Cottonwood with red flame resin filling a void from the crossing
In 1822, Benjamin Beason, one of Stephen F. Austin's original 300 colonists, settled on the west side of the Colorado River at a widely used crossing. He and his wife Elizabeth proceeded to build a large home which they also used as an inn. Here they established a gristmill, sawmill, gin, and ferry operation at the crossing. Over a span of fourteen years, their home and operations, combined with a scattering of homesteads in the area, formed a settlement known as Beason's Crossing. But in the early spring of 1836, Beason found his home, his family, and everything that they had worked so hard for in a very perilous position.
Looking West across the river at the crossing
Sam Houston and his army were at Gonzales when news of the fall of the Alamo reached them. Houston began his retreat, and so also began the "Runaway Scrape" with settlers grabbing whatever they could to get away from the fast approaching Mexican army.
Instead of following the Gonzales-San Felipe road, General Houston began marching the troops north. Houston was wary of the movements of the Mexican Army and hoped that they could dodge them. The army marched approximately 16 miles to Burnham's Ferry on the west bank of the Colorado River, about nine miles southeast of La Grange. After crossing the river using the ferry, they made camp. The following morning, a cold drizzling rain began to fall which turned the camp into a muddy mess. Knowing that this would make travel harder for the women and children fleeing behind them, General Houston decided to rest the army there while the settlers caught up and were able to use the ferry. But he also knew that Burnam's was not the place to make a stand.
It was still raining the following morning, and after all had crossed the river, the Texian Army broke camp. Houston ordered the ferry to be burned, and they began a march down the east bank of the river towards "Beason's Crossing." The Texian Army was joined by several other companies during the trip, which brought the armies number up to just over 800 men.
Upon reaching Beason's, the growing army made a large camp on the east side of the river, opposite the Beason's home and the ferry. Many Texian men who now fully understood the serious threat facing their country came to Beason's to join in with the army, which now increased its number to around fifteen hundred. The spring rains continued falling, swelling the banks of the Colorado and temporarily rendering it an impassable barrier for the Mexican army.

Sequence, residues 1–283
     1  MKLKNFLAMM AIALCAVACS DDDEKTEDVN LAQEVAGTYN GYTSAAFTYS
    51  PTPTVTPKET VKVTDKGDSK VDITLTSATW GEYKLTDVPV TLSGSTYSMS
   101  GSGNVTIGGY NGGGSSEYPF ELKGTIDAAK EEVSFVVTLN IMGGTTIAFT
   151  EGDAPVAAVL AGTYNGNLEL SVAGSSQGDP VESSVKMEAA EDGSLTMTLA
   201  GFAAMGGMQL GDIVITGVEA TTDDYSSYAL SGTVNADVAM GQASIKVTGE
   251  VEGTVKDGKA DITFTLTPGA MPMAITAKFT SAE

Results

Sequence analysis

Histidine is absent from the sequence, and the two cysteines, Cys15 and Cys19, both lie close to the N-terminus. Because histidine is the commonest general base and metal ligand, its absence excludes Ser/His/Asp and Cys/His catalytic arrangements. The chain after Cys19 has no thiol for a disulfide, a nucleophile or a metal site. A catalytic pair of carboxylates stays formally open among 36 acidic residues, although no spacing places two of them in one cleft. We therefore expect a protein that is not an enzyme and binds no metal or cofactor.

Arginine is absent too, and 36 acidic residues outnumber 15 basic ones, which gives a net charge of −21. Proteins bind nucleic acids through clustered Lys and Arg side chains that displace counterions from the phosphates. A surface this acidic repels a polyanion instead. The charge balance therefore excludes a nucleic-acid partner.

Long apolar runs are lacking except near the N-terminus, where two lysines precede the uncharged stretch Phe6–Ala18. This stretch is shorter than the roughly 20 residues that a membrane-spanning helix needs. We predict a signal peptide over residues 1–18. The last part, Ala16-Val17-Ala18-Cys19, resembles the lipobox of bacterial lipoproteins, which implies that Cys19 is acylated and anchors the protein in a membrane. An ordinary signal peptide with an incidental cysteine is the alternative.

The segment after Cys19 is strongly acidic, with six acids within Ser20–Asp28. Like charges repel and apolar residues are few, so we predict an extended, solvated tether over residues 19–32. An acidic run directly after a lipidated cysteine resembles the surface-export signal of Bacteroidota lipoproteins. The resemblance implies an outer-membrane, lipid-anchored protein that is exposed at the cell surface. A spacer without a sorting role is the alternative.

The east bank at Beason's Crossing, looking south
What a view Benjamin and Elizabeth Beason must have had looking across the river from their home on the bluff on the western bank. A swelling muddy camp of Texian volunteers, enraged at the reports of the Alamo slaughter and who were ready for a fight. Following them in were the groups of families, old men, and women and children hoping to reach safety farther east. Houston had chosen this site to camp because of its strategic location at the edge of the most populous part of Texas. With his 1500 troops in position, Houston declared, "On the Colorado I make my stand."
And one can only imagine Benjamin Beason saying "Wait...WHAT??"
But his worst fears were realized when a Mexican division numbering between six and eight hundred arrived on the west side of "Beason's Crossing" and pitched camp, putting his family right between the two armies.
Texian lieutenants were urging Houston to lead the army across the river and attack the Mexican's before they could be reinforced. But Houston disagreed. He wanted to wait for Fannin's forces to arrive which he was expecting at any time. But Houston's strategic plan was completely devastated when the news arrived of Fannin's defeat and capture. Houston now ordered that the Army should retreat towards San Felipe on the Brazos River.
The Beason's, and all other remaining families of "Beason's Crossing" had no choice but to cross the river on the ferry and join in on the retreat, and could only watch in sadness as the ferry and all that they'd built was burned to the ground by the Texian Army in order to slow the Mexican army's progress and to prevent them from looting any supplies that could benefit them.
Ferry picture - ndnhistoryresearch